The condition for decrypting the data is ransom payment, usually in dollars or cryptocurrencies such as Bitcoins which is difficult to trace. Many attackers steal and sell it to third-party cybercriminals. Others use it for espionage activities.
How to detect a Ransomware attack?
In present times, it would be complicated to find an organization that does not have a cybersecurity protocol in place for its IT system. Despite this, Ransomware attacks are taking place at random across different industries. An IT Security team needs to be alert and watch out for signs of a Ransomware attack.
Some of the indicators for ransomware detection are:
An abnormal file system activity shows hundreds of files whose modification activity had failed. It usually happens when Ransomware or Malware tries to access these files.
A sudden increase in CPU and disk activity without any plausible reasons indicates a security breach. It occurs when Ransomware is searching, encrypting, or removing data files.
Unable to access specific files. It results from the Ransomware having already deleted, renamed, relocated, or encrypted the file.
Suspicious communication in the network. It is when the attacker is giving commands to the Ransomware.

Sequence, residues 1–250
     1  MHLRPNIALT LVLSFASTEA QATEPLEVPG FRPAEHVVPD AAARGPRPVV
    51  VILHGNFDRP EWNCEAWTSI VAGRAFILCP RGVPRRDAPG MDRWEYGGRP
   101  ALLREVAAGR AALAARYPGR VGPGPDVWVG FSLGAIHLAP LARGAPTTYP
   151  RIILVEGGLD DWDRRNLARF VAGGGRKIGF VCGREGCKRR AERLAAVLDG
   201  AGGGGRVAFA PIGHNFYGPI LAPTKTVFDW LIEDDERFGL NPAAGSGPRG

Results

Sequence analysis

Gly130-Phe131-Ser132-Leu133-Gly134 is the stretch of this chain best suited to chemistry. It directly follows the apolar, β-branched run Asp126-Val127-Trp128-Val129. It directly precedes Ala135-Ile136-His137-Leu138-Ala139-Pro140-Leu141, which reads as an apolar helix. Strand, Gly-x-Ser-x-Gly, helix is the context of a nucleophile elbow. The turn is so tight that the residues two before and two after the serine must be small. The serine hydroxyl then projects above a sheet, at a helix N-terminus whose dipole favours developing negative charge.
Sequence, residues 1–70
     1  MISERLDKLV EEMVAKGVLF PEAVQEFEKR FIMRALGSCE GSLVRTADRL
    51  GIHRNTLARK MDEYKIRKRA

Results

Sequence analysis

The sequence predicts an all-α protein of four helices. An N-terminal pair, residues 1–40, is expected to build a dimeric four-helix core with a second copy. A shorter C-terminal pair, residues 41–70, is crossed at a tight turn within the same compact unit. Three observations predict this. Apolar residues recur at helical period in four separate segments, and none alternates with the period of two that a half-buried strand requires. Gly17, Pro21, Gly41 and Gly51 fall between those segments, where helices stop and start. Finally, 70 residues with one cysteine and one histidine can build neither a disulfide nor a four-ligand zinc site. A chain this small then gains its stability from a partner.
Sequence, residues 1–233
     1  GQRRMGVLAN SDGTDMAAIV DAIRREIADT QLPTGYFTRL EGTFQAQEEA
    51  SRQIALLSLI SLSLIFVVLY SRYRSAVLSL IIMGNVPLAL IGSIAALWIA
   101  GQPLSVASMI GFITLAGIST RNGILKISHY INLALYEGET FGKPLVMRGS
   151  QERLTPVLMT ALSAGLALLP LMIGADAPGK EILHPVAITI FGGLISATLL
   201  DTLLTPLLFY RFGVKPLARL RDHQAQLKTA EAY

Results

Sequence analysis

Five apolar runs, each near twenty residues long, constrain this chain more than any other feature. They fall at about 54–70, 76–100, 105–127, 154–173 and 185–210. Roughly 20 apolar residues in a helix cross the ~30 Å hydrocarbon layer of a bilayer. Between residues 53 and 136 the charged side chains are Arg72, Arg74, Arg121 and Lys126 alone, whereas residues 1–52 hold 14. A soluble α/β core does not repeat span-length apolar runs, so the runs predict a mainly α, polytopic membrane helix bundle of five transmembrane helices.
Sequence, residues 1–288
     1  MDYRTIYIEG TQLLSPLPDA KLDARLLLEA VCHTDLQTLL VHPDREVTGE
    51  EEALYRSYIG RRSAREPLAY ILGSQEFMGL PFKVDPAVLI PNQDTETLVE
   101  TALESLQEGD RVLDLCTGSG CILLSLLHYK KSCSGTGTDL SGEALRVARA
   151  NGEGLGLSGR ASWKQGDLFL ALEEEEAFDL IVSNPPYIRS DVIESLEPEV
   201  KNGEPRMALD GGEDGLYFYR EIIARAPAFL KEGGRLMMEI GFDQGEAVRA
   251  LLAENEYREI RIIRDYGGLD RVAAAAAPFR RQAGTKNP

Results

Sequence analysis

The cost of Ransomware
Despite all the precautions taken, Ransomware attacks are not going to stop. It is estimated that by 2031, ransomware attacks will take place every 2 seconds and cost the victims $250+ billion annually.
While everyone suffered during the Covid -19 pandemic, but for ransomware attackers, 2020 was a good year. The attacks increased due to remote workplaces that compromised cybersecurity as more companies paid up.
Some of the mid boggling figures for 2020 Ransomware attacks
The average ransom amount paid by the victim was $312493, up by 171 % over the previous year.
The highest ransom amount paid was $ 10 million. In 2019 it was $5 million.
58% of the victims paid up the ransom amount.
Apart from the above pay-outs, there are remedial costs incurred for putting the organization system up again after recovering from the attack. These costs included IT expenses to rebuild or upgrade servers or migrate to cloud data. There were also operational losses due to business disruptions and revenue lost due to downtime.
Some of the statistics for remediation costs